Watch: Sens. Jeanne Shaheen and Lindsey Graham discuss bipartisanship at Harvard climate change policy forum

Politics

“There is a lot that we can agree on, and we need to stop arguing and start getting things done.”

The Harvard T.H. Chan School of Public Health held a forum Tuesday to discuss the solutions that can lead to a better bipartisan agreement on climate change policies. The forum addressed a study conducted by researchers at Stanford University’s Center for Deliberative Democracy and hosted two senators, who are members of the Senate Climate Solutions Caucus, as guest speakers.

The forum comes ahead of the United Nations Climate Change Conference (COP26), which will begin Sunday in Glasgow, Scotland. World leaders will gather to discuss the issue of climate change and put together policies that will help accelerate action to tackle issues in collaboration with governments, businesses, and civil society.

The study presented in the forum was part of the America in One Room project, but with a particular focus on climate and energy. It was conducted by researchers Jim Fishkin and Larry Diamond and looked at creating a bridge between the partisan divide in the U.S. political scene as it relates to climate change solutions. Participants were asked 72 questions related to climate and energy before and after discussion sessions that took course over several weeks.

Researchers found that opinions on 68 of the 72 questions asked changed through these deliberations. Opinions of those who identified as a member of the Republican Party significantly changed, and the number of Republican participants who believed in the science of climate change jumped from 35% to 55% following the discussions.

Democratic Sen. Jeanne Shaheen of New Hampshire andRepublican Sen. Lindsey Graham of North Carolina, who were guest speakers at the forum, also echoed the importance of bipartisanship in creating policies on climate change. The two are part of the Senate Climate Solutions Caucus, which includes both members of the Democratic and Republican parties, and aims to create policies that provide solutions to the climate change issue from a bipartisan lens.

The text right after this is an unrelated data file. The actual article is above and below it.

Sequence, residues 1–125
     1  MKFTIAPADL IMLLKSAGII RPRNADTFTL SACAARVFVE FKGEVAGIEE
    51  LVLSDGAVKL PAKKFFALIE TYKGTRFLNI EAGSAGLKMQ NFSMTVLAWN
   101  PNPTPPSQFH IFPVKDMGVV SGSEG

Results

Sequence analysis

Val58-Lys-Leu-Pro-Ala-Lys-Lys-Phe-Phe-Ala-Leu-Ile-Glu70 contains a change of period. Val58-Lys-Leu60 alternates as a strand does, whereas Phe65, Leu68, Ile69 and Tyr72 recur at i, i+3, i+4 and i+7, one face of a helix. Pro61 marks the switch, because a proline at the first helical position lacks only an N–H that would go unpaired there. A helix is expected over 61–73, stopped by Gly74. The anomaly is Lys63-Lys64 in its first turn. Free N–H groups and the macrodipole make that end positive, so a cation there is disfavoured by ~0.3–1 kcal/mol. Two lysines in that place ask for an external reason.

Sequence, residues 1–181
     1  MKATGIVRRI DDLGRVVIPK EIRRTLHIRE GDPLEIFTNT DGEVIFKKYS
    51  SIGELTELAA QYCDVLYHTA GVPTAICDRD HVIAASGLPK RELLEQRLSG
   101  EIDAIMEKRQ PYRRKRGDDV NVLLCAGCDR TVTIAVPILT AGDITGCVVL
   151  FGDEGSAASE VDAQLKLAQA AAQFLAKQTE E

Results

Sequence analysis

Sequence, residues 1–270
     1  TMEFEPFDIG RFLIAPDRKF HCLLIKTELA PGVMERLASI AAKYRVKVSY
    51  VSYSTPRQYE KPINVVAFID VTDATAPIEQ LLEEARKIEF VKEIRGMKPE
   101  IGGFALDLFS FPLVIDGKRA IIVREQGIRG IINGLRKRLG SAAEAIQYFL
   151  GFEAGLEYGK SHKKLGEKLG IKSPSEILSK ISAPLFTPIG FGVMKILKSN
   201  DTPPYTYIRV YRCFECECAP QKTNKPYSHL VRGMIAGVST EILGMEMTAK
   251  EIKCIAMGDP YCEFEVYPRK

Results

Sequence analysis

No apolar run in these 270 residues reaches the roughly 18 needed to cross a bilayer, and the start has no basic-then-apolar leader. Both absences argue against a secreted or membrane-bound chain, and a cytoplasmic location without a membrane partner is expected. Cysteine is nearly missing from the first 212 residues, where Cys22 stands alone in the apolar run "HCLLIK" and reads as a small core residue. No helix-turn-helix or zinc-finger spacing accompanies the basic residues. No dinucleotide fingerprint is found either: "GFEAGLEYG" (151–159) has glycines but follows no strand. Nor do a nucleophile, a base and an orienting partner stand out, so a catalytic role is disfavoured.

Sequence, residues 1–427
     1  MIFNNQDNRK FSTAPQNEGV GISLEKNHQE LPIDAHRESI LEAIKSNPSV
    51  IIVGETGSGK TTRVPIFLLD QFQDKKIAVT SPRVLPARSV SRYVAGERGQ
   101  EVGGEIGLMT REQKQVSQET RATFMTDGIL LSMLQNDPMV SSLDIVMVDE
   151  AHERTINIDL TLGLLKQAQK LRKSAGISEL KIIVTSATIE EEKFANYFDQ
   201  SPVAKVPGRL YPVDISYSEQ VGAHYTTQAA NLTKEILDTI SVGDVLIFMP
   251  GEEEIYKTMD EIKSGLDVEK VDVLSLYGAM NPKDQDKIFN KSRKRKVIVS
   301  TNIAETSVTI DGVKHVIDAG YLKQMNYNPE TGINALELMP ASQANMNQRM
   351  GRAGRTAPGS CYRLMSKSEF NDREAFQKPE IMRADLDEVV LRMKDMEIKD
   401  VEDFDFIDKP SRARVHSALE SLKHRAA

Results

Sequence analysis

“There is a lot that we can agree on, and we need to stop arguing and start getting things done,” Shaheen said.

Graham emphasized the need for the Republican Party to change their views on climate change in order to appeal more to the younger generation of voters. In the 2024 presidential election, he said he hopes to see a Republican nominee that believes in climate change and may even be climate change-focused.

“What I tell Republicans is that young people are more environmentally sensitive, and that’s a good thing,” he said. “If you want to be a relevant, viable party in the 21st century, you need to have an alternative to the Green New Deal, not deny the existence of climate change.”

The Green New Deal, a climate change platform championed by many members of the left, including its co-creators, Rep. Alexandria Ocasio Cortez and Sen. Ed Markey, has not been accepted at all by the GOP. Shaheen said it may be time to move on from the GND and focus on creating bills that would pass by having bipartisan support and creating solutions that both parties would be in favor of.

Shaheen said one of the big challenges that the general public faces today in understanding climate change and the bills that are trying to be passed is having access to accurate and correct information. During the study, one of the biggest reasons that participants changed their mind on opinions about climate change and certain issues was because of the abundance of information they were given, including access to experts, reading materials, and what changes were being presented in government.

“As we talk about the changes we need to make to respond to climate change, we’ve got to help make sure that the public comes along with us,” she said. “So we’ve got to explain what we’re doing, we’ve got to make sure … that those people who can least afford this transition are not adversely affected in a way that means that they are not supportive. And that takes some time.”

Watch the forum below:

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